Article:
1. Know your terminology
Before we get into specific tips, it helps to know organic food lingo. Here are three terms to keep in mind when you go shopping so you know if you’re getting the best value for your money:
- "100% Organic" — these are foods with no synthetic ingredients and are approved with the U.S. Department of Agriculture's (USDA) organic seal.
- "Organic" — these foods have a minimum of 95 percent of ingredients that are organic and are eligible to carry the U.S.D.A. organic seal.
- "Made with Organic Ingredients" — these foods must contain at least 70 percent organic ingredients and are not eligible for the organic seal.
2. Buy in season
Fruits and vegetables bought in season can cost half the price of out-of-season produce. Specifically, buying berries when not in season can sometimes increase the price threefold. Berries such as strawberries and blueberries can be purchased during season and frozen for up to six months. Wash the fruit well, remove any spoiled areas, dry completely, and freeze (check out detailed instructions on how to freeze berries here). Also, if there is a specific fruit or vegetable you want that isn't currently in season, consider purchasing it frozen. This is often cheaper, and most health food stores such as Whole Foods carry organic fruits and vegetables in their freezer department. In addition, you can Google "Epicurious Seasonal Ingredient Map" to find which produce is in season in your region.
3. Consider a community agriculture program or co-op
Community Supported Agriculture Programs (CSA) and co-ops are a terrific way to purchase organic, affordable and local produce. Most programs allow you to purchase a share of a farmer's crop by the week, month or season. Not only will you get an incredible selection of in-season produce, you are going to save considerably more than if you had purchased from a large chain health food store.
4. Start an organic food-purchasing club
Buying in bulk is a great way to save money. Ask a few friends or neighbors if they would be interested in pooling money and purchasing organic products directly from wholesalers. To learn more about creating an organic food club, the VegFamily website has some detailed instructions.
5. Choose organics wisely
If buying all organic fruits and vegetables is completely out of your budget, stick to buying your organic produce according to the "Dirty Dozen" list. This lists the twelve fruits and vegetables that have the highest pesticide levels – items you should try to purchase in the organic section. Fruits and vegetables listed in the "Clean 15" have the least amount of pesticide levels and could be considered for conventional purchase.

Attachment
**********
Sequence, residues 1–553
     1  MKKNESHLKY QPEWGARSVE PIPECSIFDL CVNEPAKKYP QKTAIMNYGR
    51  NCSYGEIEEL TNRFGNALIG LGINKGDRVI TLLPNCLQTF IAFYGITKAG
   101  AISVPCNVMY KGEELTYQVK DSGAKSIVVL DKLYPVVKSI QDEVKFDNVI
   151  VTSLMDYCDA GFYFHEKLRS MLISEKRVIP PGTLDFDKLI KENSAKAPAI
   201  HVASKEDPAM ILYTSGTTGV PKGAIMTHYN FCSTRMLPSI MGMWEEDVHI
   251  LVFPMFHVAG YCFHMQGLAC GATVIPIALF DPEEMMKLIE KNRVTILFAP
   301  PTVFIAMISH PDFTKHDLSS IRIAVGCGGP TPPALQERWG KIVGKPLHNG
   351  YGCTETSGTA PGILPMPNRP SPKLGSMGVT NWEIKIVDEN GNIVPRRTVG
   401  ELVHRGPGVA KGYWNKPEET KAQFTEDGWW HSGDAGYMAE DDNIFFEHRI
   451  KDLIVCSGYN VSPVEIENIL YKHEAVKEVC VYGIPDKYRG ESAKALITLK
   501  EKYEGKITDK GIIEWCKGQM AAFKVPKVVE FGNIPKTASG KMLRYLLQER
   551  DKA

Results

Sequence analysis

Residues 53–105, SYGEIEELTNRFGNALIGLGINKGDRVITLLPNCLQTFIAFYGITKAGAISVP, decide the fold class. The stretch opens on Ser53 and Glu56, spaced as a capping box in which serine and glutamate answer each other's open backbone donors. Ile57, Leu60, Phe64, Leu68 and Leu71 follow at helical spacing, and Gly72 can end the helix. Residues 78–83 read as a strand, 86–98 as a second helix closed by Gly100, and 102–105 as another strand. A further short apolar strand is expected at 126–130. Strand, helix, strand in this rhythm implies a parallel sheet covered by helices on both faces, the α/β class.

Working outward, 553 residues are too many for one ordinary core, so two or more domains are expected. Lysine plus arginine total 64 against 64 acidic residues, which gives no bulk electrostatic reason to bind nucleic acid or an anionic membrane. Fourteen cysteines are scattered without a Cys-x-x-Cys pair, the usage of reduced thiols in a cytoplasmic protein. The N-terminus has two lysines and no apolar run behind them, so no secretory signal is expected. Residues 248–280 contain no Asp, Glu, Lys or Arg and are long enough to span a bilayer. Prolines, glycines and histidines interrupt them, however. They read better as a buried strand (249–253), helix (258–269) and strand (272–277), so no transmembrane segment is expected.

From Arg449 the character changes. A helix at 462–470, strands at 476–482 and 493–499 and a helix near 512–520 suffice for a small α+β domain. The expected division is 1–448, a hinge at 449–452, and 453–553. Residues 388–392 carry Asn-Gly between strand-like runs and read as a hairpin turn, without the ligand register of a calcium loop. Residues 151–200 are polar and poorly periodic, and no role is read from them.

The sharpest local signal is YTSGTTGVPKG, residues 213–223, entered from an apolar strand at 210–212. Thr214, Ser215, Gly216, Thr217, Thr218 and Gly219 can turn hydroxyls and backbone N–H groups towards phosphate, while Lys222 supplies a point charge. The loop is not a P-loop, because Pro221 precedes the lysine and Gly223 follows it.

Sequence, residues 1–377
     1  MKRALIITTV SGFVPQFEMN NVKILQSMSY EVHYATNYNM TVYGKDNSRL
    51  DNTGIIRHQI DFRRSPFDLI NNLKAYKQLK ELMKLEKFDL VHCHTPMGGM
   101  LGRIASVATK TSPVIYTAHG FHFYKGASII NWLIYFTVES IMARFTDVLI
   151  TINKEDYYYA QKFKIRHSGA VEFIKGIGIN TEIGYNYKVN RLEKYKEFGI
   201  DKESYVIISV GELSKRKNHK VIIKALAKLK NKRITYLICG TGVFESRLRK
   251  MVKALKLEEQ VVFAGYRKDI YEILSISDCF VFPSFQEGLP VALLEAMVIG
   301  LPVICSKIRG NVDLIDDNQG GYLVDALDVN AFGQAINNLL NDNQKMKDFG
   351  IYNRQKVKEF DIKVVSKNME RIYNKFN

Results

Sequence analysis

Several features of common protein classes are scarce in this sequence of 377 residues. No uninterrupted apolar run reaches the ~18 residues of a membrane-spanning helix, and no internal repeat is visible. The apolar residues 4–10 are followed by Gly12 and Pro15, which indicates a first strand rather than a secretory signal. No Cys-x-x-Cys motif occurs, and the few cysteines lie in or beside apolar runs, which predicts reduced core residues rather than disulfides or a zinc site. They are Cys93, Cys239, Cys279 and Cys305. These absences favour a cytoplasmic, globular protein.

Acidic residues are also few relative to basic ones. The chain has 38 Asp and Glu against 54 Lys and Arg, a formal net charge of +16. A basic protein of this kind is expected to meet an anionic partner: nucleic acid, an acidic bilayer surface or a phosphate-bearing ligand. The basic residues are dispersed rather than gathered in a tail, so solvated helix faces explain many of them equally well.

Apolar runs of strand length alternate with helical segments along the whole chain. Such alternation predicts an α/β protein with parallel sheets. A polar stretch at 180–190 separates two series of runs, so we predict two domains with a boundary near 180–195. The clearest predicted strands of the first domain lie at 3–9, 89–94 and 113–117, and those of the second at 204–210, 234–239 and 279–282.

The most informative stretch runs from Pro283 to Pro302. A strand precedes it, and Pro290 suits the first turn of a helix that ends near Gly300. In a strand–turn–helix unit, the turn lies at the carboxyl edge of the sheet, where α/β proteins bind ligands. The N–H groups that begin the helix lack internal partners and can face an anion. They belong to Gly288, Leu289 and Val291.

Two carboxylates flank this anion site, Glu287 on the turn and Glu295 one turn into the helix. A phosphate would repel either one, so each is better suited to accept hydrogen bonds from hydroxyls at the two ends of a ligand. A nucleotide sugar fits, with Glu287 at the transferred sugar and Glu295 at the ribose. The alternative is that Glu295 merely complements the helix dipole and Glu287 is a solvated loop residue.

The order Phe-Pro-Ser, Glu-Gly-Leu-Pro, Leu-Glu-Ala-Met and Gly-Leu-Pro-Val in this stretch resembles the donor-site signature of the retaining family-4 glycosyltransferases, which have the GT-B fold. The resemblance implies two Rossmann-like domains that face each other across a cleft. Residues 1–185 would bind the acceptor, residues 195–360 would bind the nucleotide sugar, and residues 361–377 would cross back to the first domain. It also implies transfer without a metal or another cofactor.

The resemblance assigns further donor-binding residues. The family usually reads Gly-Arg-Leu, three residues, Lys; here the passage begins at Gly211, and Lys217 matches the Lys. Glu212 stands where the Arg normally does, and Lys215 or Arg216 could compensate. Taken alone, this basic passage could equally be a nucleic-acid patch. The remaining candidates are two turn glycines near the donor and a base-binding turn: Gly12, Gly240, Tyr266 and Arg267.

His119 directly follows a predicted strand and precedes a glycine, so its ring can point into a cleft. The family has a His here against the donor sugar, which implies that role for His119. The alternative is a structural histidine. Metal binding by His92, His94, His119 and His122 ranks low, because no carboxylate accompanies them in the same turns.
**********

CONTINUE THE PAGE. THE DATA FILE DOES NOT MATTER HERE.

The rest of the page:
6. Reconsider your love affair with meat
Serving meat as a condiment, rather than a main dish, can considerably lower your grocery bill. Using organic meats in soups, stews, on pizza or as a salad topping still fulfills your meat craving, saves you money, and allows you to incorporate cleaner, hormone-free meat products into your diet.
7. Buy grocery staples in bulk
Purchasing staple ingredients in bulk (brown rice, flour, etc.) can actually save you an average of $1.00 per pound. Beans are also much cheaper when bought in large quantities.
If you are a meat eater, this is another item to consider purchasing in bulk. That's right–we are talking about buying an entire cow! Gathering a few friends or family members together and purchasing a cow from a local farmer or butcher can save you a considerable amount of money. This process is called "cow-pooling" and can produce about 250 pounds of meat after butchering. Meat can be frozen for up to a year. After all fees and costs involved, most participants involved in cow-pooling claim to pay an average of $1.75-1.90 per pound of organic, hormone-free beef. With an average national price of $6-8.00 per pound for organic beef, purchasing in bulk provides quite a savings!